Updated March 2010
This post pertains to BookSmart only and is not applicable to our PDF to Book workflow.
I recently read that Hewlett-Packard is “developing technologies with DreamWorks Animation SKG Inc. to improve the color consistency between print and digital images.” Hewlett-Packard calls this new technology “DreamColor.”
Essentially, HP has created a closed loop system so that bits of data that represent color mean the same thing to cameras, monitors, and printers. Why? So that when light waves are captured by a camera they are perceived as the same waves that are seen reflected off of a print. Hello, does this sound familiar? Mac users are already familiar with Colorsync, Apple’s attempt to “synchronize” color across media. In fact, we’ve talked about BookSmart color management made easier in an earlier blog post.
Regardless of DreamColor’s future impact, Blurbarians can do three things RIGHT NOW to achieve more accurate colors in Blurb books.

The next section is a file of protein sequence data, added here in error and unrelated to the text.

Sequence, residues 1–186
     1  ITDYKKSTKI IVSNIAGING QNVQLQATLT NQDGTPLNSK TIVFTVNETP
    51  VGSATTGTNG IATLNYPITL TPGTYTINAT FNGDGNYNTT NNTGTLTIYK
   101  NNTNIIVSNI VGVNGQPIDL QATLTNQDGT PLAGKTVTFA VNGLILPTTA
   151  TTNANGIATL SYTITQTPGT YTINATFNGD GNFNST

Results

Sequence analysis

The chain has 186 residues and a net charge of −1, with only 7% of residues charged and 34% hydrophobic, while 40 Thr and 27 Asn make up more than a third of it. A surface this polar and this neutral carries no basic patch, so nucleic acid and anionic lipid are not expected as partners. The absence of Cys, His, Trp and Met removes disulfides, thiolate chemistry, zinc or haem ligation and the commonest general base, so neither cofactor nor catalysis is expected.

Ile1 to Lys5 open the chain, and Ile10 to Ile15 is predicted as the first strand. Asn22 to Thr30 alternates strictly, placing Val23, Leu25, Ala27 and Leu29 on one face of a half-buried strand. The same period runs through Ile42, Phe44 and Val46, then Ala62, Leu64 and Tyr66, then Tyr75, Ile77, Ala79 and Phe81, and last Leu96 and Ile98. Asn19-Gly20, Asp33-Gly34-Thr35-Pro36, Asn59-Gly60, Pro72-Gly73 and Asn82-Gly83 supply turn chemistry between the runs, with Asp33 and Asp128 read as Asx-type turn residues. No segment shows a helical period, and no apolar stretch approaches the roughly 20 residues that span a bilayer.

- Calibrate your monitor. An accurate monitor is important because inaccuracies are passed to the printer and yield inconsistency.
- Leave your images as sRGB – convert images edited in another working space to the sRGB profile – since this is the color space that Blurb’s printers assume are embedded in images. Since BookSmart strips out image profiles, knowing that the printer “thinks” the image is sRGB allows you to view and tweak the image before it is imported into BookSmart.
- Soft proof your images. You might want to “soft proof” using the Blurb ICC Profile as a proofing destination space and then convert to sRGB after you edit. (Check out Color profile for Blurb books.)
DreamColor and Colorsync both attempt to make the perception of color consistent from the time an image is captured by a digital camera to the moment it is printed on paper. Any advance on either the PC or Mac platform is welcome. For these advances to really help Blurbarians, BookSmart and the publishing of Blurb books must be included in the closed loop or synchronized environment. Even given the current technology, there are steps Blurbarians can take to reduce inconsistencies. I know that Blurb makes every attempt to produce a quality product but if the quality of the images provided by users is not accurate to begin with, making the colors more synchronized is only a “dream.”